What I do know though, is that even though it’s been a tough road first making the decision to switch to the OmniPod, and now figuring out if it’s right for me – seeing my blood sugars this out of control makes this final decision VERY simple. After I finish up this blog post, I’m calling Insulet and sending the OmniPod back.
(side note: it also was not in the pod’s favor that they got to be really, really itchy on some days. no clue why).

If you are reading this because you are interested in making the switch to the OmniPod, please – don’t let me be the only voice to sway your decision. There are plenty of people who live happily (with great blood sugars!) with this pump. I will also say that there are lots of things I absolutely loved about the pods. Site changes were a breeze, no tubing was a great change, and being able to bolus remotely was very convenient. Customer Service, the two times I called (my PDM crapped out at 5am a few weeks back), was very nice and customer service-y, and the rep here in Durham was phenomenal. In the end though, the point of having an insulin pump is better diabetes management, and the OmniPod just isn’t for me.

Minimed Pump - I'm Back!

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About Carlyn

I am a friend, wife, daughter, sister, dog-mother and self-proclaimed 'blogger' who was diagnosed with Type 1 Diabetes in 1997 at the age of 10. I live in Durham, North Carolina with my husband and two (wild) hound dogs. We make the best of life by trying our hardest to take one day at a time, one unit at a time. You can contact me via e-mail at oneunitatatime@gmail.com!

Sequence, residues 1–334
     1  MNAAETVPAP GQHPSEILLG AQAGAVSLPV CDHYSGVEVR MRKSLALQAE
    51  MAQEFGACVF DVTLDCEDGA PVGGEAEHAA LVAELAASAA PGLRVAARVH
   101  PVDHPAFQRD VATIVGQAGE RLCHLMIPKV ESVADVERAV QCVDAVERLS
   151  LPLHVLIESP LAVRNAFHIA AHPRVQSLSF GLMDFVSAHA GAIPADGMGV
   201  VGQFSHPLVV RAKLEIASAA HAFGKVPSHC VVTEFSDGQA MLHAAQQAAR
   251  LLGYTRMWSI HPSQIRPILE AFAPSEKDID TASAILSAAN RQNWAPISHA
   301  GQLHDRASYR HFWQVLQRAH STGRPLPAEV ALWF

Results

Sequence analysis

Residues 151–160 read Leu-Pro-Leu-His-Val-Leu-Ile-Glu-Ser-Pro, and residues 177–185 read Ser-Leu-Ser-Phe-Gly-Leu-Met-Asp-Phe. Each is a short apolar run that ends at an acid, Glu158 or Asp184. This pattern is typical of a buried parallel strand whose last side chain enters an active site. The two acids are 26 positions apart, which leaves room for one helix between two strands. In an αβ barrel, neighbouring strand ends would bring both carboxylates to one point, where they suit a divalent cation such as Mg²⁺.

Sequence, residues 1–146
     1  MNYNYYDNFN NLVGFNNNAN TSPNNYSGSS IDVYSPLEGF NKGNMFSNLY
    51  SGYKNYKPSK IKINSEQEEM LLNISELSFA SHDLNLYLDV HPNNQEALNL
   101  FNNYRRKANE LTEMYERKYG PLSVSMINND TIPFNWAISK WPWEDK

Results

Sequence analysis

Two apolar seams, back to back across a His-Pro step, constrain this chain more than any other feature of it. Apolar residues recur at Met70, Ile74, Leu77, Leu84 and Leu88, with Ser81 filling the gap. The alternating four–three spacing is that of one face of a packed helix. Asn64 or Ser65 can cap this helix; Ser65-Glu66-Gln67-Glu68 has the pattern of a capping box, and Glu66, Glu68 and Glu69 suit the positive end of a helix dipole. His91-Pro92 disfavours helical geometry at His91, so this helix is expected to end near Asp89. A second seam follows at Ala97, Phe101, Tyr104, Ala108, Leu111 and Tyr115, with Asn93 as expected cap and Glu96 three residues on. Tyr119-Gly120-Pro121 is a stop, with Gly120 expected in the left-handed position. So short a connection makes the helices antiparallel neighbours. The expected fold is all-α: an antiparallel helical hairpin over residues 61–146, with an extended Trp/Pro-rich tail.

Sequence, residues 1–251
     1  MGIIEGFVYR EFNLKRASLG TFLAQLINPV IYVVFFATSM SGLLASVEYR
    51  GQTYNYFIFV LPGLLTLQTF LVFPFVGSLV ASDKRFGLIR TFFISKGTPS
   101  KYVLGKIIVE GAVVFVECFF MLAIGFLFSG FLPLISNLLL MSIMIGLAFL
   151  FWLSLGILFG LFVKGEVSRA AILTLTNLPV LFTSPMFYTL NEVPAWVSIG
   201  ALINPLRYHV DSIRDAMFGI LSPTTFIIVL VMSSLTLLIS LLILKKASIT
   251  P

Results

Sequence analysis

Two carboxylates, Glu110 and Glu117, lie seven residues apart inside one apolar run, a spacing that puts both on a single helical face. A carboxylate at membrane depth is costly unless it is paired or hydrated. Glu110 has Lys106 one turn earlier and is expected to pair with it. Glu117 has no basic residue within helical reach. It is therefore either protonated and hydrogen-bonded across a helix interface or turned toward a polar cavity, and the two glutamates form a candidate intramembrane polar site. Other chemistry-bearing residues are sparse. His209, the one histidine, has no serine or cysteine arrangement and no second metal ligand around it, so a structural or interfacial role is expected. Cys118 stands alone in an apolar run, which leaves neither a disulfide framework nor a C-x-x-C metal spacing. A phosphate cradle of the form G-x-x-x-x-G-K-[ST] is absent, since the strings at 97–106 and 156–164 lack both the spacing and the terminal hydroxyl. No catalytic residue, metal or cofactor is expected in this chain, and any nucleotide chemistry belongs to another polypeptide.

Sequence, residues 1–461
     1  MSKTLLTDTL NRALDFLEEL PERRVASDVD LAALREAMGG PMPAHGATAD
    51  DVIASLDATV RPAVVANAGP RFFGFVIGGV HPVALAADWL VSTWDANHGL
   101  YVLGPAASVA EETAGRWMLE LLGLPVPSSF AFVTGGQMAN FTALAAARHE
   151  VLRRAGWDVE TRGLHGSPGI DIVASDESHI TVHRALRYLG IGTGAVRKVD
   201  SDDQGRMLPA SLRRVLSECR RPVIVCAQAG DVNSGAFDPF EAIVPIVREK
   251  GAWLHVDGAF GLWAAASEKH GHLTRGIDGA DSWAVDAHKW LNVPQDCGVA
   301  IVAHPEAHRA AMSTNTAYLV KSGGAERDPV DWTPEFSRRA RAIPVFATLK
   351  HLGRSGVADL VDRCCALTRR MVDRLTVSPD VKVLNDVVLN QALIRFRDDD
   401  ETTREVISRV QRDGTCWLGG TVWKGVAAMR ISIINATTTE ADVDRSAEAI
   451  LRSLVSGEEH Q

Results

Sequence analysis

4 responses »

  1. Thanks for the post. I’ve been thinking about whether or not to get a pump. Can you tell me if there is any discomfort wearing it, or if it get’s in the way of physical activity or sleeping?

    • Hi Lee!

      I can’t tell you that there are never any discomforts wearing a pump – but to me, the occassional akwardness or discomfort beats taking shots 4+ times a day. It’s all about your perspective.

      For me, the OmniPod was definitely more uncomfortable (especially for driving and sleeping) than the Minimed, because of its size. On the other hand, it was tubeless – so while I was out and about, I didn’t even notice it. In addition to its size being awkward, I feel like the OmniPod sites were more tender. When I’m wearing the minimed, I can press up against a cabinet with my site and not feel a thing. The OmniPod was quite different at times, and everytime I moved my arm I was aware that there was a cannula stuck in me. This might have been because I was trying out new site locations, too. SO many variables!

      As far as physical activity is concerned – as long as you can be sure your pump is secure, you get used to it being there so it really doesn’t pose an issue. It’s going to be a steep learning curve in the beginning, but after a while, you’ll get used to the tubing (or lack there of) and wearing the pump will feel second nature. Sleeping is the same way – you get used to it.

      Please remember that this is all my own experience, and yours could be completely different! I hope this helps — please feel free to ask me any other questions you might have about the pump! I’m happy to help as best as I can 🙂

      Carlyn

  2. Pingback: puddle of insulin. | life: one unit at a time